Be extra cautious in evaluating elderly patients with diarrhea and abdominal pain as these patients tend to have more serious, often surgical, illnesses that present atypically or go unrecognized longer (Hendrickson, 2003).
Bottom line: most patients seen in the ED with acute diarrhea require no routine blood work unless the patient has high-risk features. Imaging is also usually not necessary unless you are considering other diagnoses including appendicitis, mesenteric ischemia, small bowel obstruction, and diverticulitis.  
3. Which patients do you treat with antibiotics?
Whether or not to prescribe antibiotics and to which patients is one of the most controversial and most discussed aspects of the management of diarrhea. Analyzing all the evidence currently available is enough to cause one to have diarrhea in and of itself, but fear not. Let’s break it down in pieces . . .
Why give antibiotics in the first place, you ask, if many of these disease processes are self-limited?  In various studies, antibiotics appear to decrease the length of the diarrhea symptoms by about 24-48 hrs regardless of whether the diarrhea was guiac positive, fecal WBC positive, or had positive stool cultures  (Guerrant, 2001Dryden, 1996Wistrom 1992).  The moderately to severely ill seem to benefit more from antibiotics.  Why would antibiotics decrease symptoms in culture negative stools? Some believe the antibiotics are eradicating bacterial pathogens that stool cultures were unable to detect. Traditionally it was thought that antibiotics may not be beneficial in mild-moderate diarrhea, due to their tendency to prolong the carrier state, especially amongst those infected with Salmonella.  However, newer studies show and that carrier rates are approximately equivalent in those treated with or without antibiotics (Dryden, 1996).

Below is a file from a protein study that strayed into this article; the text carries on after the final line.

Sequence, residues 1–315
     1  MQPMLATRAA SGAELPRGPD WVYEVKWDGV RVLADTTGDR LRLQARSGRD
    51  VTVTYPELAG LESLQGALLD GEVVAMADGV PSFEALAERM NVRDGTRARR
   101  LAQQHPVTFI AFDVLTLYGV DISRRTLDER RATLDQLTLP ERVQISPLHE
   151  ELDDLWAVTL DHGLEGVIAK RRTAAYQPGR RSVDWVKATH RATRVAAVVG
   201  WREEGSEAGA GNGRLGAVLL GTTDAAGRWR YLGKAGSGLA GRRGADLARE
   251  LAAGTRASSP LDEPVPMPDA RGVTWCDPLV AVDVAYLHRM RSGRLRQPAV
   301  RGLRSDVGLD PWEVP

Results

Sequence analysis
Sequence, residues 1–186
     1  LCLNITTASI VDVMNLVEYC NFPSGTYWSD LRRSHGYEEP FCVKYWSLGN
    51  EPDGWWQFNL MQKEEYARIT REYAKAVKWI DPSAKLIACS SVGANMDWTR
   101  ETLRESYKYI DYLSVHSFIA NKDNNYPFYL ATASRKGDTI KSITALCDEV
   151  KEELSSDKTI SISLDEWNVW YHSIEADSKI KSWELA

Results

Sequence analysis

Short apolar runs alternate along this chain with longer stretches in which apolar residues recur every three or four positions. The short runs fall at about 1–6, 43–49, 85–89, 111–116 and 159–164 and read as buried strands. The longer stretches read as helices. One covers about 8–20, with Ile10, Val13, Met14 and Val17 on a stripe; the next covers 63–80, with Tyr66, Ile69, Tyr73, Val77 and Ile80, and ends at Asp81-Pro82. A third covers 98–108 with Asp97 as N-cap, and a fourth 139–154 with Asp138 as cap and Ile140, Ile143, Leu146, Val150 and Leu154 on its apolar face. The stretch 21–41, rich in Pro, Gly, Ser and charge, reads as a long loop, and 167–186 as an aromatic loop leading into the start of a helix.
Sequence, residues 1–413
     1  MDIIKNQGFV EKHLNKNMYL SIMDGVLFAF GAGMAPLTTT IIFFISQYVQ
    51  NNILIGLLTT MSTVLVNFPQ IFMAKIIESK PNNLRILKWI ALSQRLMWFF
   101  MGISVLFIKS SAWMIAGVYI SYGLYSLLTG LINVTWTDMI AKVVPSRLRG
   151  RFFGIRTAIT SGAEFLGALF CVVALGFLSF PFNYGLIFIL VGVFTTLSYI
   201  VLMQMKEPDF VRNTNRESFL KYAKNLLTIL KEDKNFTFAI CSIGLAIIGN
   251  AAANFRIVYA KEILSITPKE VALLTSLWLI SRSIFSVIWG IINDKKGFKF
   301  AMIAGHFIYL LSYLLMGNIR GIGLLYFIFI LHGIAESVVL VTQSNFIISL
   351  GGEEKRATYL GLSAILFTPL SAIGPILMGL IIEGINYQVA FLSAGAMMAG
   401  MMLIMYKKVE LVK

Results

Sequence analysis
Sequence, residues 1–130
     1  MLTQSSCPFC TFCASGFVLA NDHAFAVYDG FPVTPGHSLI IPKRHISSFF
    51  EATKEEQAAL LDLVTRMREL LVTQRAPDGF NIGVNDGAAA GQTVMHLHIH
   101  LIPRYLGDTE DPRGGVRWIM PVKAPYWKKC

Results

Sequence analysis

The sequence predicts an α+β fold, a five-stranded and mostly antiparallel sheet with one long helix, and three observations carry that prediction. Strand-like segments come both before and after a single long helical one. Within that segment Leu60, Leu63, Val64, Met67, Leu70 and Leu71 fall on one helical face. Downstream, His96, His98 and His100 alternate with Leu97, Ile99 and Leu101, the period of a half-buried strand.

So now that we understand why we may give antibiotics, the question becomes who we should give them to? Many experts argue that most patients, regardless of symptoms and lab test results, don’t need antibiotics since most acute diarrheal illnesses are self-limited.  Additionally, further prescription of antibiotics will lead to increased drug resistance and side-effects. Other guidelines, including those from the IDSA and AAG, provide a more conservative approach. They state patients should receive antibiotics if they are presenting with symptoms of traveler’s diarrhea, as immediate treatment can reduce symptom duration by 2-3 days (Guerrant, 2001).  They further recommend antibiotic therapy in those patients with high fever (>101.3), history suspicious of a moderate-severe bacterial infection, guiac positive stools or positive fecal WBC (Guerrant, 2001).  Some criticize the IDSA guidelines for relying too heavily on stool testing to decide whether or not to give antibiotics.
Just as important as knowing which patient to give antibiotics to is knowing which patients to be cautious about giving antibiotics. In general, antibiotics are not advised for the treatment of diarrhea in most pediatric patients.  The cornerstone of treatment in pediatric patients is fluid replacement. Inadequate fluid replacement leads to the 9% of hospitalizations in children < 5 yrs of age caused by diarrhea (Cicirello, 1994).  Caution is also advised in prescribing antibiotics in patients with grossly bloody diarrhea.  This is because one of the common causes of grossly bloody diarrhea is Enterohemorrhagic E-coli (AKA E-coli 0157-H7).  Various studies (including one published in the New England Journal of Medicine in 2000) demonstrated higher risk of HUS in pediatric patients with EHEC who were treated with antibiotics (Wong, 2000).  There is also concern that elderly patients with EHEC may develop TTP if treated with antibiotics.
If you decide to give antibiotics to a patient with an acute diarrheal illness, which antibiotics should you give? Most studies and current guidelines recommend ciprofloxacin to help eradicate acute bacterial pathogens. Two basic regimens exist, either a one-time dose of ciprofloxacin 1gm or a regimen of ciprofloxacin 500mg twice/day x 3 days.  Some regimens use macrolides, as fluoroquinolones will not be effective in cases of Campylobacter (Dupont, 2014).